‘After Hours’: Life as Sex Worker in Addis Ababa
By Meron Tekleberhan
Addis Ababa, April 25, 2011 (Ezega.com) -- ‘After Hours’ (Seate Elafe) is the title of a book by journalist Ermias Seyoum, chronicling the true life stories of commercial sex workers in Addis Ababa. Although much has been said about the Ethiopian sex industry, this book takes a unique perspective by allowing the women to talk about themselves. Unlike many other books that have been written on the subject, this book is different in that it doesn’t just present the observations of the author. The insight into the 47 women whose stories make up ‘After Hours’ and their views on their life as women in the sex industry makes for a riveting reading.
The Women in ‘After Hours’ represent the gamut of Ethiopian society. Most are very young, many below the age of twenty five and some below the age of twenty. They are mostly forced into the sex trade for lack of better options: due to poverty, disillusionment with marriage partners, or rape. Almost all are dependent on qhat, spending a great percentage of their income supporting this addiction. Qhat use in turn fuels consumption of great quantities of alcohol and tobacco. All these substances help the women cope up with their demeaning work and social inferiority. For some the false bravado that comes with intoxication is the only way they can contrive the bravado to do what they do.
In this book, we don’t see much of the fabled royalty of sex workers and the expensive call girls. None of the women are pampered kept women catering to select clients. ‘After hours’ deals with the seedier and more realistic fate of the common bar ladies that crowd the countless bars and clubs in areas such as Piassa, Kazannchis, Chechenya, Haya-Hulet Mazoria, Merkato, etc. Areas such as Piassa and Chechenya in particular attract all types of clientele from all walks of life. Well-heeled businessmen to those who wait for their payday to make a visit, well-educated university professors to long distance truck drivers, and elderly married retirees to young teenagers hell-bent on their first sexual conquest all frequent these areas in search of gratification.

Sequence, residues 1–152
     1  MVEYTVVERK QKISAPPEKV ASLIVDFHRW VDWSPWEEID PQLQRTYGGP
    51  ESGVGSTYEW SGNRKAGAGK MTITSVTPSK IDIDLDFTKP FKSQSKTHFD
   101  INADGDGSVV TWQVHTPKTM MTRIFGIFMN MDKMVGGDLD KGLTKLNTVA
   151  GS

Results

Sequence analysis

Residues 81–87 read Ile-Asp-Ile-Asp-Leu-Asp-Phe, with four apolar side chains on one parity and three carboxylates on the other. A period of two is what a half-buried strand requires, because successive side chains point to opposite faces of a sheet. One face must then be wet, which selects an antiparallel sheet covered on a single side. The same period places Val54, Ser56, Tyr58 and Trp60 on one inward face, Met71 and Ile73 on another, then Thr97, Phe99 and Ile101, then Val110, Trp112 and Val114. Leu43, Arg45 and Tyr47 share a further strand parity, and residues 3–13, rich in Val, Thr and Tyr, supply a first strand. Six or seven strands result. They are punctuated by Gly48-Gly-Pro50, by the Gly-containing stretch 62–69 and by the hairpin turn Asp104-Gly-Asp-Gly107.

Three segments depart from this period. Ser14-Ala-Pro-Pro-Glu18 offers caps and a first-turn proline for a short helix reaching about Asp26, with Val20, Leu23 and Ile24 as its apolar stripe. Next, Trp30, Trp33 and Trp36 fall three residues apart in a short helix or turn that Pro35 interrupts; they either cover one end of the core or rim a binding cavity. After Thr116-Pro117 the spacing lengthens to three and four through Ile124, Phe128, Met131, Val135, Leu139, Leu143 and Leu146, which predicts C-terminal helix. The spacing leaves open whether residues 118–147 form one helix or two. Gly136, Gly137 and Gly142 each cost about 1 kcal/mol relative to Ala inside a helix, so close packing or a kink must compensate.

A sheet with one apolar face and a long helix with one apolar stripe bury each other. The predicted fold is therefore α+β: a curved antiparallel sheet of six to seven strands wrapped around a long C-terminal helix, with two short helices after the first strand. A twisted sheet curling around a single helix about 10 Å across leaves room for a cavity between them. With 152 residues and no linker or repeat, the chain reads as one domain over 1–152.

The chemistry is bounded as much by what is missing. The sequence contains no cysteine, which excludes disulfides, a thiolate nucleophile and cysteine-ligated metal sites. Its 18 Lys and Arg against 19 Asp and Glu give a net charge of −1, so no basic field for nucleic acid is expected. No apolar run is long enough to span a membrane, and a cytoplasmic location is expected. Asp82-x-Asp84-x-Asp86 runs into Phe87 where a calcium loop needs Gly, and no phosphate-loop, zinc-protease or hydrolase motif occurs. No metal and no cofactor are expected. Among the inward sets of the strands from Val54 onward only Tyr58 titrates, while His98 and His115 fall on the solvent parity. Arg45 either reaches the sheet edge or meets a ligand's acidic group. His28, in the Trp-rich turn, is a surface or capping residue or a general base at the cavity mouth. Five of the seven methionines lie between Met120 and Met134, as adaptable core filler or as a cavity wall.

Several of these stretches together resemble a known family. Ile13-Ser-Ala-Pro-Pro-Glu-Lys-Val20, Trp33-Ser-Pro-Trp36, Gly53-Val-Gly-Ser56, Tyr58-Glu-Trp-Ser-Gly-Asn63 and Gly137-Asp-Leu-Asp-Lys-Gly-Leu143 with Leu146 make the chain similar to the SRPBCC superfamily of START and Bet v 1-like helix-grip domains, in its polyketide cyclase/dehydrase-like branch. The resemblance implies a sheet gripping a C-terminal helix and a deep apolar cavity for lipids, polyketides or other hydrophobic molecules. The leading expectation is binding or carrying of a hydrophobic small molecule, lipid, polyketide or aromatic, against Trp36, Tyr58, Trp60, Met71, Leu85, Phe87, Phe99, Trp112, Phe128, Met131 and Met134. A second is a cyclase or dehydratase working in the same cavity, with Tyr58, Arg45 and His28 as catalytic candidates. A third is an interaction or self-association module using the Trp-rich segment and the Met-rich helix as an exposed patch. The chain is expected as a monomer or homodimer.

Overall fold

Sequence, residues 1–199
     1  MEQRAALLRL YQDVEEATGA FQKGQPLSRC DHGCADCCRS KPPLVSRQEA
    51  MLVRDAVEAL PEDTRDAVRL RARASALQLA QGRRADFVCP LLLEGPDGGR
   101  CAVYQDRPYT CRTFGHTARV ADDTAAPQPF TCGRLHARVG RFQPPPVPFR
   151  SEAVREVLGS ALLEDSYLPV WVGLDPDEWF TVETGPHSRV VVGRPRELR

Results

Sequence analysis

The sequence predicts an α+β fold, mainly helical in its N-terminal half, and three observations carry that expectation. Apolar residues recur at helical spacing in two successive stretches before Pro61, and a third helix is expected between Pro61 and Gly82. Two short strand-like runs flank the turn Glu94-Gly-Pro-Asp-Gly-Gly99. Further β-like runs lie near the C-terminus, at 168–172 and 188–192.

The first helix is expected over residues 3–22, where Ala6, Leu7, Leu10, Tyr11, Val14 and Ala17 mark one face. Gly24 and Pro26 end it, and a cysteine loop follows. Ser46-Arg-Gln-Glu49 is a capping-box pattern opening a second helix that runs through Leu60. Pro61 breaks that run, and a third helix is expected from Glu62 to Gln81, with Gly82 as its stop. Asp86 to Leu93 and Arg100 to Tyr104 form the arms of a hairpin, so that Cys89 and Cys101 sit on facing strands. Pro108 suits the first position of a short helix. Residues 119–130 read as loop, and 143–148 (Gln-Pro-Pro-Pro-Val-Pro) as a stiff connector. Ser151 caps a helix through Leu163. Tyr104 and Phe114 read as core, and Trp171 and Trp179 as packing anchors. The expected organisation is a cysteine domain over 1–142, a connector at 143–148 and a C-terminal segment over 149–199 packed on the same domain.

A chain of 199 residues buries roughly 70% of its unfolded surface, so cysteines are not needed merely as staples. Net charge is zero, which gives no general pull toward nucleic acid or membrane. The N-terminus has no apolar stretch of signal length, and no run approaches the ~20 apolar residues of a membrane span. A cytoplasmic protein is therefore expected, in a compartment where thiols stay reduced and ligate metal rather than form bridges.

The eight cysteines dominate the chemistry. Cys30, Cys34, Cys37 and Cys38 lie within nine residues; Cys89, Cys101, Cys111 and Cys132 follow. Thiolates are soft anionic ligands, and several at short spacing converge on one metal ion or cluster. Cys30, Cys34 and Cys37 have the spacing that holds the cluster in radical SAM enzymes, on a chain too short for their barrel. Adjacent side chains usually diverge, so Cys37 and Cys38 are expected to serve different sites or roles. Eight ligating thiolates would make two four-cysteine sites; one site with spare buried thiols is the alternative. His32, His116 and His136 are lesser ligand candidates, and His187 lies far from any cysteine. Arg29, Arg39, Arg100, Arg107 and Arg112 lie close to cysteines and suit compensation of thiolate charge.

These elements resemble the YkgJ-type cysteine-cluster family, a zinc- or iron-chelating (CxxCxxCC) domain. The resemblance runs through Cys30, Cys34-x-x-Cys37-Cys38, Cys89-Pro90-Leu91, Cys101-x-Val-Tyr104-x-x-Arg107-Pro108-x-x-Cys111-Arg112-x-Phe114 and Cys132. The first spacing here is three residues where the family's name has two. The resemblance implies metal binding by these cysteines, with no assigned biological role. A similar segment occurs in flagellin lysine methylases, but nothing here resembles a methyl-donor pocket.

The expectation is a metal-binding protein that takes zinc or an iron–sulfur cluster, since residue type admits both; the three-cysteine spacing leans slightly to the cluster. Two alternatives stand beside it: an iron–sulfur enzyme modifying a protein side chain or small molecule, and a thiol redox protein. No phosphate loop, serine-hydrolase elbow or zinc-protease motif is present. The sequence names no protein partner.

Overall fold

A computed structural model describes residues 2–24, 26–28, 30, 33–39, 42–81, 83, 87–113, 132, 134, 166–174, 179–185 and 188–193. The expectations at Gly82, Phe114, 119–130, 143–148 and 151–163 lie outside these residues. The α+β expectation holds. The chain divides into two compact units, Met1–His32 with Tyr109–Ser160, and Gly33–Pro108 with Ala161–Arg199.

Ermias allows us a look behind the veneer of glamour and sexuality that shrouds these women. We glimpse women like any other with their own identities, dreams and aspirations. All carry heavy loads of pain and deep rooted contempt for the masculine sex. Adepts at capitalizing on the weaknesses of males to make their living, they find it very hard to accept men as anything but predators solely motivated by sexual desire.
Attracting clients and retaining them is their business and the women are fiercely territorial. There is a strong competition with the girls who choose to ply their trade on the streets. The bars ladies, most officially on a payroll as waitresses for paltry sums of 80-100 birr a month, look down on the street prostitutes. They claim that the street girls have no boundaries to what they will do including allowing acts such as kissing, fondling and kinky sex which are completely unacceptable to most bar women.